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Making Things Weird

My husband’s new favorite person in the world is Pete Holmes, a comedian with a brand new late night talk show immediately following Conan.  We’ve been going back and listening to Pete’s You Made It Weird podcasts where he sits down with a fellow artist and asks them three weird questions.  These do tend to get extremely off topic, turning more into casual conversations between friends that often erupt in hilarity.  Past guests have included Zack Galifianakis, Judd Apatow, Demetri Martin, T.J. Miller, Chelsea Peretti, Jon Hamm, and Jim Gaffigan, among many others.  Recently, we listened to Pete make things very weird with Sarah Silverman.

sarah-silverman-creative-arts-emmy

One of the topics that Pete generally always brings up is religion.  Most of the time, his guests are atheists but he does have exceptions (Gaffigan, for example) and is somewhat of an exception himself; as a former Christian, he seems to find comfort in people who fully believe in God, heaven, and everything that goes along with it.  Sarah identified herself as agnostic, and then stated something that really stuck with me.  She pointed out how a person’s beliefs are almost solely based on where they are born.  It’s such an obvious fact, but I never put much thought into it before she said it out loud.

Thinking back, I cannot name a single person in my family who chose Catholicism.  They were all born into it.  Had my family been located across the globe, my upbringing would have been quite different as far as religion is concerned.  At no point did I choose to be a Catholic.  I was baptized while too young to know what was going on, put blind faith in Jesus being the son of God because that’s what my community believed, and grew up as Catholicism as my normal.  I had Jewish friends, I knew a little bit about Kwanzaa, but never questioned why other people fell into different religions, as I was happy with mine.  We had Christmas, so naturally I wasn’t questioning things.

Christmas-Balbinka-l

My atheism was and is a choice and it was the first honest choice I made regarding religion.  I chose that belief (or lack thereof) for a variety of reasons that I can clearly explain and justify.  But if you had asked me why I was a Catholic during the time I still was, I wouldn’t have been able to give you a list of good reasons.  It was just something that was expected of me; get good grades in school, don’t act up around the house, and believe in God and strive to get to heaven.  I was happy to believe whatever I was told to believe about Jesus so long as the Easter Bunny brought me goodies and Santa came to visit as scheduled.  There was not one single good reason for me to be Catholic, to put my faith into so much when I had so few reasons for doing so.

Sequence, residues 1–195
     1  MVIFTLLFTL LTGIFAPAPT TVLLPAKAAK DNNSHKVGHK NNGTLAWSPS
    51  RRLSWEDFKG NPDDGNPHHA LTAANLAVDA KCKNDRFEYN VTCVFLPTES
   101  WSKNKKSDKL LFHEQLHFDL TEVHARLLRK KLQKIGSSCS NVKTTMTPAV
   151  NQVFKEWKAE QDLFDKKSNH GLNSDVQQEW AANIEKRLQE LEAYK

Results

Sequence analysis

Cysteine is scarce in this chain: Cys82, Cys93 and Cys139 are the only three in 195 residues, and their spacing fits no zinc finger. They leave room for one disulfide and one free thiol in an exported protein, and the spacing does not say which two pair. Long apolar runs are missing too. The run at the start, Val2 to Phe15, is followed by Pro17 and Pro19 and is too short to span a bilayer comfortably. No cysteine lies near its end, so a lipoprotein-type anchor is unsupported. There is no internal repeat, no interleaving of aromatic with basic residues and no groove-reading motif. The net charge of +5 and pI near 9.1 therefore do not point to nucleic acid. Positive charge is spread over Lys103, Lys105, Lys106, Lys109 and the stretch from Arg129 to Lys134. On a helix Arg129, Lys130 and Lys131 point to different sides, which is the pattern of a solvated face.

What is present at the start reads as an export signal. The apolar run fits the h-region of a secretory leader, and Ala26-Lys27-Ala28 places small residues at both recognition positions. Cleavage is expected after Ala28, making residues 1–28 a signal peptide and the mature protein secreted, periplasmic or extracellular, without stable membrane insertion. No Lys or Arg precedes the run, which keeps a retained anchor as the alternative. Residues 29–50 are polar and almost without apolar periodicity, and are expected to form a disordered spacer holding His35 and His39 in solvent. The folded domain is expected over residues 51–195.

Can you tell me why you believe what you do and give me justification for it that makes sense and is based on something real and concrete?  If you can, you’re doing it right and should give yourself a pat on the back, regardless of what religion you claim and what God you hold sacred.  But if you can’t?  If your only reason is “that’s what I’ve always believed” or something else along those lines?  What are you doing?!?  Why put so much blind faith into something if you can’t even tell me the real reason why you believe it?

Blind-Faith1Everything can and should be questioned, especially when it’s something like religion that is so big in one’s life.  I could care less who believes what as long as they aren’t bringing harm to others, so this isn’t about my atheism being right and your faith being wrong.  It’s about not walking through life with blinders on.  It’s about questioning things that should be questioned.  It’s about being your own person instead of the person you were expected to be by your parents and/or community.  It’s about strengthening beliefs, whether it’s in a god or simply in science.  It’s about finding yourself.  Tell me here or tell yourself privately why you believe what you do.  See if you’re happy with your answer.  And if you’re not happy, see what adjustments need to be made.  Maybe you’ll end up feeling more confident in your beliefs, maybe you’ll discover a new path you should take.  Either way, it can’t hurt to give it a try.

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About Jamie C. Baker

“Long time no see. I only pray the caliber of your questions has improved.” - Kevin Smith

Posted on March 19, 2014, in Life and tagged , , , , , , , , , , , , , , , . Bookmark the permalink. Leave a comment.

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